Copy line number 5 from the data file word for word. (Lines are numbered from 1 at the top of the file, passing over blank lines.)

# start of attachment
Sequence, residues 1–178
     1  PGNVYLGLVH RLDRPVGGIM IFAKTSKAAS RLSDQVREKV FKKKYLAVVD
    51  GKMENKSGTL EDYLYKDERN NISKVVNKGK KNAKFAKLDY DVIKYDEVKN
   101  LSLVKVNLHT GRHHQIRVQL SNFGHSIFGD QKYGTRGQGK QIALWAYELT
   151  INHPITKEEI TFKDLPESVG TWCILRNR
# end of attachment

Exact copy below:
   151  INHPITKEEI TFKDLPESVG TWCILRNR